Reggie Herndon returned to college because he wanted to change careers. What he didn’t want was another degree.
Herndon, a University of Tennessee graduate from Lynchburg, Va., is on his way instead to finishing a nine-month professional certificate in counterintelligence from Mercyhurst University in Erie, Pa., which he hopes will bolster his odds of landing a job as an intelligence analyst with a defense contractor or government agency.
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“I decided that I wanted to re-engineer myself,” said Herndon, 56, who handles marketing for an employment program runs under contract to the Social Security Administration. “But I didn’t want to go back and do the whole graduate program, and come out with a tremendous amount of debt.”
Responding to demand from more and more students like Herndon, universities are jumping into the business of providing professional certificates that were once the domain of community colleges and for-profit providers like the University of Phoenix.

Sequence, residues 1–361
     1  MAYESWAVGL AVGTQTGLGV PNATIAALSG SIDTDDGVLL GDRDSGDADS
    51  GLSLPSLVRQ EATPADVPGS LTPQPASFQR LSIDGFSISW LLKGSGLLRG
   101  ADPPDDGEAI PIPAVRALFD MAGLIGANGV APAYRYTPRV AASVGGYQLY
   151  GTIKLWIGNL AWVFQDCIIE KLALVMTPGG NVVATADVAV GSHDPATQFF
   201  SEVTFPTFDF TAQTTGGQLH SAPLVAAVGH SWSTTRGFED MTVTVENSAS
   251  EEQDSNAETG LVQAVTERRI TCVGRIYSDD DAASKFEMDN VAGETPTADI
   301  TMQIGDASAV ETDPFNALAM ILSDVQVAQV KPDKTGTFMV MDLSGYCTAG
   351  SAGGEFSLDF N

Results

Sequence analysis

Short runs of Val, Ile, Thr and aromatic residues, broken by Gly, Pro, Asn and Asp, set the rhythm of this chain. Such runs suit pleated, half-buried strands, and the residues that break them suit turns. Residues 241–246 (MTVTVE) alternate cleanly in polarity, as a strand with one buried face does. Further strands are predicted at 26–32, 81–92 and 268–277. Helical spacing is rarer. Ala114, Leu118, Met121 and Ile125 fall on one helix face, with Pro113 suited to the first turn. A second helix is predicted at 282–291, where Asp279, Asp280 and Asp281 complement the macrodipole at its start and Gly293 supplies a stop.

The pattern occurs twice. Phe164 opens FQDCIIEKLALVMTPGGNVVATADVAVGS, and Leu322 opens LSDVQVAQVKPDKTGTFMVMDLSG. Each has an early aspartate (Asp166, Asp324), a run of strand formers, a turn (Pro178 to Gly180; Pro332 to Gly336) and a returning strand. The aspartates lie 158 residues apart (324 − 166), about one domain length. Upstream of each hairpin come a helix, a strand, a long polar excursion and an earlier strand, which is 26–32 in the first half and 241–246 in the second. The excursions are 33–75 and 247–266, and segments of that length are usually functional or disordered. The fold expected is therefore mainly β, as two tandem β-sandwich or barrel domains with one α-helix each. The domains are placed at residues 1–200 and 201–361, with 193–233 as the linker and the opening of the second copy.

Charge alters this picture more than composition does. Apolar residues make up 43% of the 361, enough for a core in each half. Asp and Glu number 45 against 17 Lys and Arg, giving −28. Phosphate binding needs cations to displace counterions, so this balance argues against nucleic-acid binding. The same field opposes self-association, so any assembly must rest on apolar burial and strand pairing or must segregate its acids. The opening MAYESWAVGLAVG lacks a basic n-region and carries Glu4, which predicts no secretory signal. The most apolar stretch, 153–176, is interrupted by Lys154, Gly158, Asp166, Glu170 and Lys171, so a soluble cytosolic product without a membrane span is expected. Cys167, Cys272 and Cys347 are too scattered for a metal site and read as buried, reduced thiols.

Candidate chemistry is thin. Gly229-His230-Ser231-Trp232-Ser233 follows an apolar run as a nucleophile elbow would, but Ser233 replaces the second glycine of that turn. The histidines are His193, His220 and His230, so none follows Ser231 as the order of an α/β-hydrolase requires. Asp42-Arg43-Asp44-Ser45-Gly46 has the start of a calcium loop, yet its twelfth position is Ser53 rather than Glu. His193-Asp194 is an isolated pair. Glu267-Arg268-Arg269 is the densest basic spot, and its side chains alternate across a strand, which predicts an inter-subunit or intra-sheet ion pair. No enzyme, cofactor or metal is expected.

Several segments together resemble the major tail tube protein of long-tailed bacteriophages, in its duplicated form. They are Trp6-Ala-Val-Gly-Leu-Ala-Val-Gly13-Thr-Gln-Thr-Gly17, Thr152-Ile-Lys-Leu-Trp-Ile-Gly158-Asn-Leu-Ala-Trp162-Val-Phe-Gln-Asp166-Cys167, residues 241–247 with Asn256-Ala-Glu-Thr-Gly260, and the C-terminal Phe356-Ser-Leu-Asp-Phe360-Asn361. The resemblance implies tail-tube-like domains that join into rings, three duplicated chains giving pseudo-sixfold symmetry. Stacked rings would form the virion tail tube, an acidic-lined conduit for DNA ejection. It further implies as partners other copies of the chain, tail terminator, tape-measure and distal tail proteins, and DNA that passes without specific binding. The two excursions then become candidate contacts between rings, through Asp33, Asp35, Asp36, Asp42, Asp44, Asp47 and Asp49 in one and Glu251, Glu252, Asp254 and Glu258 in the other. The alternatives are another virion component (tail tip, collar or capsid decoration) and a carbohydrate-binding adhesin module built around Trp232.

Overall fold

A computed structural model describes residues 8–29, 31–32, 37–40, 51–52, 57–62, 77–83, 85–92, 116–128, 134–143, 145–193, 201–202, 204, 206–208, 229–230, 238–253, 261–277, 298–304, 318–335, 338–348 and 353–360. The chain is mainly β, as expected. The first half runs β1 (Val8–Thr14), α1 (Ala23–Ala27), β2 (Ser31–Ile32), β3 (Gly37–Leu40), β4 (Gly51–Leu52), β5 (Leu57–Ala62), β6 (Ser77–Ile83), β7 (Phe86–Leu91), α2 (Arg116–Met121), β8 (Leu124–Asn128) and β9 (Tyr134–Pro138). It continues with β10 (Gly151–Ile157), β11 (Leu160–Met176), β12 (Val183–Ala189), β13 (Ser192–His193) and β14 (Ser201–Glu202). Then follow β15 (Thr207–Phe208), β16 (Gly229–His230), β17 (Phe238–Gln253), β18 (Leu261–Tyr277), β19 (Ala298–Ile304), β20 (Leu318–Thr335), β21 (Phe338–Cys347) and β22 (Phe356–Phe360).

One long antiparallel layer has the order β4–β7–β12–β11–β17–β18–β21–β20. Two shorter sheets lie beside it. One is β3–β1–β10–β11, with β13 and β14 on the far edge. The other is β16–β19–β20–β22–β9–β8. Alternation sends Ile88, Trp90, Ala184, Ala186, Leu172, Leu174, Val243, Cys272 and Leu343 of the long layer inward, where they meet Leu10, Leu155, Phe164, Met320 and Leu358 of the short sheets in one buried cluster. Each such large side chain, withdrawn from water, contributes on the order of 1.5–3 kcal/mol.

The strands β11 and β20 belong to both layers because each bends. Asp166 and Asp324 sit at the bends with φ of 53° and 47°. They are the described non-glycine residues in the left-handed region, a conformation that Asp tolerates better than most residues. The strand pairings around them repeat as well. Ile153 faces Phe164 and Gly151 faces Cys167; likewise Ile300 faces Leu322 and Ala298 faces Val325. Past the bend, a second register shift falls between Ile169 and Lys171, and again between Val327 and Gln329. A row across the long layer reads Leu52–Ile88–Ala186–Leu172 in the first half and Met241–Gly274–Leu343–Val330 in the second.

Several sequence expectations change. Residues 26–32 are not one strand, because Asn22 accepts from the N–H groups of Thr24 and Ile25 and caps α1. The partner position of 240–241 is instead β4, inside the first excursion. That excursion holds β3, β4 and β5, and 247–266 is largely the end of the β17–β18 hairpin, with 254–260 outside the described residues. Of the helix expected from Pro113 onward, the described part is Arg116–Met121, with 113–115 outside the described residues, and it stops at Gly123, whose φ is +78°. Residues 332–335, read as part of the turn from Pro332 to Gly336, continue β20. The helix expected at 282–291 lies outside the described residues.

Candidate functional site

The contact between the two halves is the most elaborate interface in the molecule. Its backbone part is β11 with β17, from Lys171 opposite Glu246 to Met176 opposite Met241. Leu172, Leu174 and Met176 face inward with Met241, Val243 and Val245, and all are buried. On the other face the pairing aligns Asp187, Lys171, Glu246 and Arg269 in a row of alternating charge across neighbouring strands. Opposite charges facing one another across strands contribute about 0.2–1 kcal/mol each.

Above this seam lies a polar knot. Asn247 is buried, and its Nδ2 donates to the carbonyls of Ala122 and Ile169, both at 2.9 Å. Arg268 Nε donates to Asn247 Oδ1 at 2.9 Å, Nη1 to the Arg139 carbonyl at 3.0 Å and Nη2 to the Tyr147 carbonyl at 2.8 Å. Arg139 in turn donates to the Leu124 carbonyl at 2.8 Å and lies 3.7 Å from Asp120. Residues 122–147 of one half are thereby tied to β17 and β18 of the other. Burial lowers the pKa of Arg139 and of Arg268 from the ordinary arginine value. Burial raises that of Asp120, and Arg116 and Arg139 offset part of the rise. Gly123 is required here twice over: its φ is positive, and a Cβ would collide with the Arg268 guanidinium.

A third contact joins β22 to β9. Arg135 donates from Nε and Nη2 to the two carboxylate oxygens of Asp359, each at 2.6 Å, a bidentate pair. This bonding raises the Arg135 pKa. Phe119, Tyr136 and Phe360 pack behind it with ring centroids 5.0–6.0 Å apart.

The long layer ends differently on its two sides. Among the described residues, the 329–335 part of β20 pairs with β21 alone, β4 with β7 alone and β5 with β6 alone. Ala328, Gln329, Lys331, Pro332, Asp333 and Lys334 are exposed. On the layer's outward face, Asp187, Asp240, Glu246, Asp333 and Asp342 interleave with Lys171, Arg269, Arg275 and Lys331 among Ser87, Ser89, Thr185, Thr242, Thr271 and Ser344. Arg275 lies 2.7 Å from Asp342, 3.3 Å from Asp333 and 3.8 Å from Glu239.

“The growth is huge,” said Anthony Carnevale, director of the Georgetown University Center on Education and the Workforce, which is studying this new phenomenon.
Certificate programs can be added and updated more quickly than conventional academic ones. And they can help workers keep up with fast-changing fields such as information technology and intelligence, or get raises or promotions.
But a main reason for the explosion in the number of professional certificates at traditional universities, administrators concede, is that they bring in revenue, largely from mid-career students who pay the full cost without needing institutional financial aid, or whose employers reimburse them for tuition.